Catching Clouds

A community-based project turns the humble cloud into a trendy fashion accessory

Published: 15th May 2015 05:59 AM  |   Last Updated: 15th May 2015 05:59 AM   |  A+A-


Of what importance could a plump, fluffy cloud be to you, except to be admired, floating on a day that spells clear skies? But to a cotton farmer, a cloud matters a lot as his harvest is dependent on these masses.

Catching1.jpgBringing together clouds with cotton farmers and farming is Once upon a Doug, a not-for-profit initiative. The name Doug, which is derived from Dhug, Marathi for cloud, is also the monicker of a symbolic cloud fashioned out of scrap material by women of the cotton farming communities o f Maharashtra. Once Upon a Doug is an initiative by No Nasties, a Mumbai-based T-shirt company that uses 100 per cent organic fair trade cotton along with NGO Chetna Vikas that works towards the empowerment of women in the

Vidarbha region of Maharashtra, Pearson College London students and Pave Internships, which offers internships to students from around the globe, in India.

Every Doug is made of colourful scrap fabric and recycled T-shirts and comes with little stitches that form a silver lining, literally. A thread attached at the back transforms this little symbol into a multitasking accessory. Use it to tie your hair, wear it as a brooch, bracelet, or pin it to your backpack.

“Carrying around or wearing the cloud might be a small gesture but it can reach out to a large number of people. We’ve had people tagging us on Instagram where the Doug has been tied to a camel’s neck in Rajasthan or attached to a cycle in Paris,” Kothari tells us. A video is also being shot with the women Doug makers, to create a DIY starter kit. “I wanted to create a symbol that would address the issues of the cotton farmers of India,” explains founder, Apurva Kothari.

A cloud would be a perfect symbol, realised Kothari, four years ago. According to him, it also represents the agrarian crisis facing the community (the alarmingly high rates of farmer suicides in the cotton belts), and acts as a symbol of hope and freedom.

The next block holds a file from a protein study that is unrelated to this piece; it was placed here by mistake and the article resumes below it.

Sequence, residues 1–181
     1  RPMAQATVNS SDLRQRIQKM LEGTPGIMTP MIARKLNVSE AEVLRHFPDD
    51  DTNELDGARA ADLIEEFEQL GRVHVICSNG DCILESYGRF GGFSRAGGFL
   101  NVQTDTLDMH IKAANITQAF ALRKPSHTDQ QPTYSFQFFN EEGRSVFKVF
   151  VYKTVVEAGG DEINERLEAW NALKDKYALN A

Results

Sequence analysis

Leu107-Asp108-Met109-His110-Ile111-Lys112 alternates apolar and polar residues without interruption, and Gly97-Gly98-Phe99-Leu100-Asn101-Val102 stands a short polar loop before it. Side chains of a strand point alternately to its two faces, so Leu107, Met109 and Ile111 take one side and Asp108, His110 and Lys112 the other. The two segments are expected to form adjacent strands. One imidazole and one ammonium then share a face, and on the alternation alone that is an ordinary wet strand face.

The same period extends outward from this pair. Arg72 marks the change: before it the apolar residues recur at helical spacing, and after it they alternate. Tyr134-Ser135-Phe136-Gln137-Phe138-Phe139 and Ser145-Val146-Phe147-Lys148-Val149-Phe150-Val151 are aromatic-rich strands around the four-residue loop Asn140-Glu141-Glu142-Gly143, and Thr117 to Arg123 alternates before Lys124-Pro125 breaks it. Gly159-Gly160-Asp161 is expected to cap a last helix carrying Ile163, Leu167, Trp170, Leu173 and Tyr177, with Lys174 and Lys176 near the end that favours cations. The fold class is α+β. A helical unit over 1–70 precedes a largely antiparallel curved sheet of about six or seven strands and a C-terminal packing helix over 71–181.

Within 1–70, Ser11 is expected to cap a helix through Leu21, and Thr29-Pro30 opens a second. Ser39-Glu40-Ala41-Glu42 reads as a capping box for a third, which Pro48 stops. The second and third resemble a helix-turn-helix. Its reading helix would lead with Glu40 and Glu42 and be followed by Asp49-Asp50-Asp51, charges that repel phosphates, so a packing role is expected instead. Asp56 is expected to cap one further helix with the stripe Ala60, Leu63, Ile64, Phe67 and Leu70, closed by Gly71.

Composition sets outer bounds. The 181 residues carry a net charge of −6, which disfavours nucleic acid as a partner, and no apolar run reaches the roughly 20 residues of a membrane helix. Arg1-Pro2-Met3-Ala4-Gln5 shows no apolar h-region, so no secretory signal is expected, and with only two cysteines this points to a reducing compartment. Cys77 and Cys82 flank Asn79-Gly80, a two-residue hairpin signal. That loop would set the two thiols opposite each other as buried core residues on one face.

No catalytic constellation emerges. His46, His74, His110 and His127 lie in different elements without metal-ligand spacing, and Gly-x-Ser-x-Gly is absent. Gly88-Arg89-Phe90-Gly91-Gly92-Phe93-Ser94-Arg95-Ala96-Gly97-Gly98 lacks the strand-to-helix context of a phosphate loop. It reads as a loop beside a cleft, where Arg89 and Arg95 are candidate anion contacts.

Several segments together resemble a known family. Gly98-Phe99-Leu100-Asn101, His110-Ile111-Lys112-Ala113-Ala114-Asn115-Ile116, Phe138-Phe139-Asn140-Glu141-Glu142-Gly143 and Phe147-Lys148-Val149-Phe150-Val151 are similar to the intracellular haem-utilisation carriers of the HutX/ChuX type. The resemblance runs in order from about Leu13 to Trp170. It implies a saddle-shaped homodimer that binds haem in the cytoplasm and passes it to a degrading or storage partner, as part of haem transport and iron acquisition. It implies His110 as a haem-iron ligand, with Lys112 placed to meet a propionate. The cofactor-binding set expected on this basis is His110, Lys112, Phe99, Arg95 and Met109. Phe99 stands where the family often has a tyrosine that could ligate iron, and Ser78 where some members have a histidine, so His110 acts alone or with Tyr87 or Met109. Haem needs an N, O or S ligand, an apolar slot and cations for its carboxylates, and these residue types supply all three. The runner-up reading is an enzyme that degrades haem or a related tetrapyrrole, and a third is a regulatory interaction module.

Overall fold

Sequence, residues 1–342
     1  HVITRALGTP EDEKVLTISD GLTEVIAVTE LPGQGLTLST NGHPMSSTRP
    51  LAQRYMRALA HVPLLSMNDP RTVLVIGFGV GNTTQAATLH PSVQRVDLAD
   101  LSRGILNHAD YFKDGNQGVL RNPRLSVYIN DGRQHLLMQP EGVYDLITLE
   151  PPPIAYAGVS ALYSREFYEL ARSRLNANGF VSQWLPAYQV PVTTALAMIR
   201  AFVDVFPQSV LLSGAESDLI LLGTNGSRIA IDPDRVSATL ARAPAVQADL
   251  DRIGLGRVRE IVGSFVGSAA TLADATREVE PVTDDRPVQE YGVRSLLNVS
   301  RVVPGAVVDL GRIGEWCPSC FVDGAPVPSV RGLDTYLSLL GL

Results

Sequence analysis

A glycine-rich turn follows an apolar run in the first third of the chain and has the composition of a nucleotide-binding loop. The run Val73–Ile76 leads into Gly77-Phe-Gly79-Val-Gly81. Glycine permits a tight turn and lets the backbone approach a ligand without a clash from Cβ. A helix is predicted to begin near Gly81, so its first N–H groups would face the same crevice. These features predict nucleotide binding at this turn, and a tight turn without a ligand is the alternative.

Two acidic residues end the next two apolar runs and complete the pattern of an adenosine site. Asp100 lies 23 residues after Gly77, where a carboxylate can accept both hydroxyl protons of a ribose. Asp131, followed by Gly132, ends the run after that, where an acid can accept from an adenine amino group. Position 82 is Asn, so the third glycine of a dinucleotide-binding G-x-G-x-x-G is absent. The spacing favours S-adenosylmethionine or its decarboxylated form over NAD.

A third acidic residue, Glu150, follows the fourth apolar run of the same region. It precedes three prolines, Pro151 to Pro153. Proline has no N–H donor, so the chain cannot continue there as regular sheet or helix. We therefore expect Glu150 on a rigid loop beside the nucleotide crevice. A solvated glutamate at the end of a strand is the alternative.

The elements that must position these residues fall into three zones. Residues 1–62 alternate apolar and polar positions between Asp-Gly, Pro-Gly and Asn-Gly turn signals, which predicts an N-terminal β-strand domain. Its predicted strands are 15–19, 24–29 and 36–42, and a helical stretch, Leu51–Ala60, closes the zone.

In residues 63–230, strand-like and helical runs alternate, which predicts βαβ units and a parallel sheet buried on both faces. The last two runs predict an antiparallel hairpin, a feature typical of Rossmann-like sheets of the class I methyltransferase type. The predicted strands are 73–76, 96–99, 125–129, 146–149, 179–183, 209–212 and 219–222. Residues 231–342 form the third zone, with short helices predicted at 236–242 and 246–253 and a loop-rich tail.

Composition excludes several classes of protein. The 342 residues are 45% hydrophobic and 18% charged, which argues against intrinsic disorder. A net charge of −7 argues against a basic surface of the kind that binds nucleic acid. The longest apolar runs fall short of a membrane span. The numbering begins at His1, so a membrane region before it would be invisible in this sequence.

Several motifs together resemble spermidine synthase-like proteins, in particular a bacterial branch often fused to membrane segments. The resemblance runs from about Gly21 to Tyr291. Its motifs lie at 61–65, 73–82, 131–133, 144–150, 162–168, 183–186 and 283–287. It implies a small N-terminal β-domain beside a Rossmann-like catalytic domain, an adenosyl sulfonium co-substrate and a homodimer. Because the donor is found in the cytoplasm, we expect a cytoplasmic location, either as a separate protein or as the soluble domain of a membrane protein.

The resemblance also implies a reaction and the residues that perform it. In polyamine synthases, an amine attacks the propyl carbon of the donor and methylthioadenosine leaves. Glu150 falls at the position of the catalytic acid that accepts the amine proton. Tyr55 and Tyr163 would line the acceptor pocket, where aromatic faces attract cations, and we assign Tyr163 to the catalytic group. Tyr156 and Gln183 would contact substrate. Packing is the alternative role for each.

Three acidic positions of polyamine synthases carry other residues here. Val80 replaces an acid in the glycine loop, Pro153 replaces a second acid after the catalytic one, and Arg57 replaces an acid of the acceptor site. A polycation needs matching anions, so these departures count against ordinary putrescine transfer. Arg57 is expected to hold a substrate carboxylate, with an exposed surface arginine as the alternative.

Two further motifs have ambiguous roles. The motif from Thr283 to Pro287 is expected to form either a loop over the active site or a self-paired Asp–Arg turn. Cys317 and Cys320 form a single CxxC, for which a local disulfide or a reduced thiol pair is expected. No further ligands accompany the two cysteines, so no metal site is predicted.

Kothari’s wife Shweta came up with the cloud design, Chetna Vikas helped to train women to make these keep sakes and students and interns of the Pearson college and Paves Internships helped in branding and marketing. Kothari assures us that there is complete transparency in terms of funds as well.

“At present, the women are paid Rs 20 per cloud and make about 100 to 200 monthly. All profits will go back into the community,” he says. Rather than individual purchases, Once Upon a Doug is looking at larger numbers of support and sale because each Doug is priced at only Rs 100. A minimum number of 50 can be ordered online.


Stay up to date on all the latest Hyderabad news with The New Indian Express App. Download now


Disclaimer : We respect your thoughts and views! But we need to be judicious while moderating your comments. All the comments will be moderated by the editorial. Abstain from posting comments that are obscene, defamatory or inflammatory, and do not indulge in personal attacks. Try to avoid outside hyperlinks inside the comment. Help us delete comments that do not follow these guidelines.

The views expressed in comments published on are those of the comment writers alone. They do not represent the views or opinions of or its staff, nor do they represent the views or opinions of The New Indian Express Group, or any entity of, or affiliated with, The New Indian Express Group. reserves the right to take any or all comments down at any time.

flipboard facebook twitter whatsapp